Given the above, it behooves organizations that sponsor quality meetings to attempt to have presentations that describe the rigor of their studies and to encourage eventual publication. In trying to think through ways to better spread quality learnings, we enlisted The Permanente Journal to publish the abstracts of presentations from the KP National Quality Conference. There are many benefits to publishing these abstracts including 1) creating a permanent record of the quality projects, 2) forming a means of communicating both positive and negative outcomes from QI activities, 3) promoting more scientific rigor in designing and presenting QI activities, and 4) providing additional motivation for quality projects to be written and presented. Ideally, after going through the process of creating an abstract of publishable quality, authors would be encouraged to subsequently submit their work for publication in a peer-reviewed journal such as The Permanente Journal.

The 2017 KP National Quality Conference centered around the Institute of Medicine’s “Six Aims for Quality Improvement,” which our organization has adopted as our National Clinical Quality Strategy. In the spirit of continual improvement and striving to achieve these aims in everything we do, we hope that publishing the abstracts from this conference will encourage greater rigor and help facilitate greater willingness to share improvement opportunities both within and outside our organization. Perhaps this will also open the door to more academic publishing of QI projects. There is great value to learning from each other’s improvement attempts—even those that do not achieve their intended outcomes or do not stick.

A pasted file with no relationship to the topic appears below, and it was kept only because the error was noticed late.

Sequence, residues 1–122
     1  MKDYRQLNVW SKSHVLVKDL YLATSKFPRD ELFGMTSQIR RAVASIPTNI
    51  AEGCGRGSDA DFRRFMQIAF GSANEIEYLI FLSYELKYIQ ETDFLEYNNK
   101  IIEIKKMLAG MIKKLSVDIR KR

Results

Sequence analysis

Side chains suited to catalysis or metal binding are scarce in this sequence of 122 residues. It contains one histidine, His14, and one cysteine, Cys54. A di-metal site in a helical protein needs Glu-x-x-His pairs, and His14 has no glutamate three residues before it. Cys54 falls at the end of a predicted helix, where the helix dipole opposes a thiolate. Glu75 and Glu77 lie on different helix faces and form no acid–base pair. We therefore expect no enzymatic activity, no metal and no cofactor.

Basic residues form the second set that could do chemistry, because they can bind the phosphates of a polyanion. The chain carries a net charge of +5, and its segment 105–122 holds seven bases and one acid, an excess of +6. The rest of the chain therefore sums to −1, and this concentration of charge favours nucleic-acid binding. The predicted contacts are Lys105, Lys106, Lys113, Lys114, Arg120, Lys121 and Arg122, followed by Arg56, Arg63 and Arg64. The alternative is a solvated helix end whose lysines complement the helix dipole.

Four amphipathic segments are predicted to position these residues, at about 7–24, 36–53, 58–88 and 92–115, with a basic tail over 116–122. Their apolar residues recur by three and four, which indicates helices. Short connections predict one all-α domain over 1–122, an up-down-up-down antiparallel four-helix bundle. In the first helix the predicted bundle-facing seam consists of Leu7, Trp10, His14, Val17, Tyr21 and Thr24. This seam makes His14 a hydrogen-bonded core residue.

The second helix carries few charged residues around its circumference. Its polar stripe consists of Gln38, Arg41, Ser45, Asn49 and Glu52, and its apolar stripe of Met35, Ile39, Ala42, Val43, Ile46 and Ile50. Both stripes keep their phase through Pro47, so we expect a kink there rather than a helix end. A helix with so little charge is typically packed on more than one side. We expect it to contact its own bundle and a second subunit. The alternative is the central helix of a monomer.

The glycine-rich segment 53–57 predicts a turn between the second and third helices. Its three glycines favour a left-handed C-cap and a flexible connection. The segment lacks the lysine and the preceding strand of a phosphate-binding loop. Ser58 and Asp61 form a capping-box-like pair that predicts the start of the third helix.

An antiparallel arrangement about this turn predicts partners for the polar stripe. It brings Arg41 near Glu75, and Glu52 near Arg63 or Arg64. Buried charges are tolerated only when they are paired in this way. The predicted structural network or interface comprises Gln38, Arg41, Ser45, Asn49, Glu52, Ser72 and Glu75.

Disclosure Statement

The author(s) have no conflicts of interest to disclose.

How to Cite this Article

Kanter M, Courneya PT. Perspective on publishing quality improvement efforts. Perm J 2017;21:17-140. DOI: https://doi.org/10.7812/TPP/17-140.

References
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2.    Grumbach K, Lucey CR, Johnston SC. Transforming from centers of learning to learning health systems: The challenge for academic health centers. JAMA 201 Mar 194;311(11):1109-10. DOI: https://doi.org/10.1001/jama.2014.705.
3.    Davidoff F, Batalden P, Stevens D, Ogrinc G, Mooney S; SQUIRE Development Group. Publication guidelines for quality improvement in health care: Evolution of the SQUIRE project. Qual Safe Health Care 2008;17 Suppl 1:i3-i9. DOI: https://doi.org/10.1136/qshc.2008.029066.
4.    Thompson RG, Moss FM. QIR and SQUIRE: Continuum of reporting guidelines for scholarly reports in healthcare improvement. Qual Safe Health Care 2008 Oct;17 Suppl 1:i10-12. DOI: https://doi.org/10.1136/qshc.2008.029074.
5.    Auerbach AD. Landefeld CS, Shojania KG. The tension between needing to improve care and knowing how to do it. N Engl J Med 2007 Aug 9;357(6):608-13. DOI: https://doi.org/10.1056/NEJMsb070738.
6.    Eccles M, Grimshaw J, Campbell M, Ramsay C. Research designs for studies evaluating the effectiveness of change and improvement strategies. Qual Safe Health Care 2003 Feb;12(1):47-52. DOI: https://doi.org/10.1136/ghc.12.1.47.
7.    Needham DM, Sinopoli DJ, Dinglas VD, et al. Improving the data quality control in quality improvement projects. Int J Qual Health Care 2009 Apr;21(2):145-150. DOI: https://doi.org/10.1093/intqhc/mzp005.

 

Abstracts from the Kaiser Permanente 2017 National Quality Conference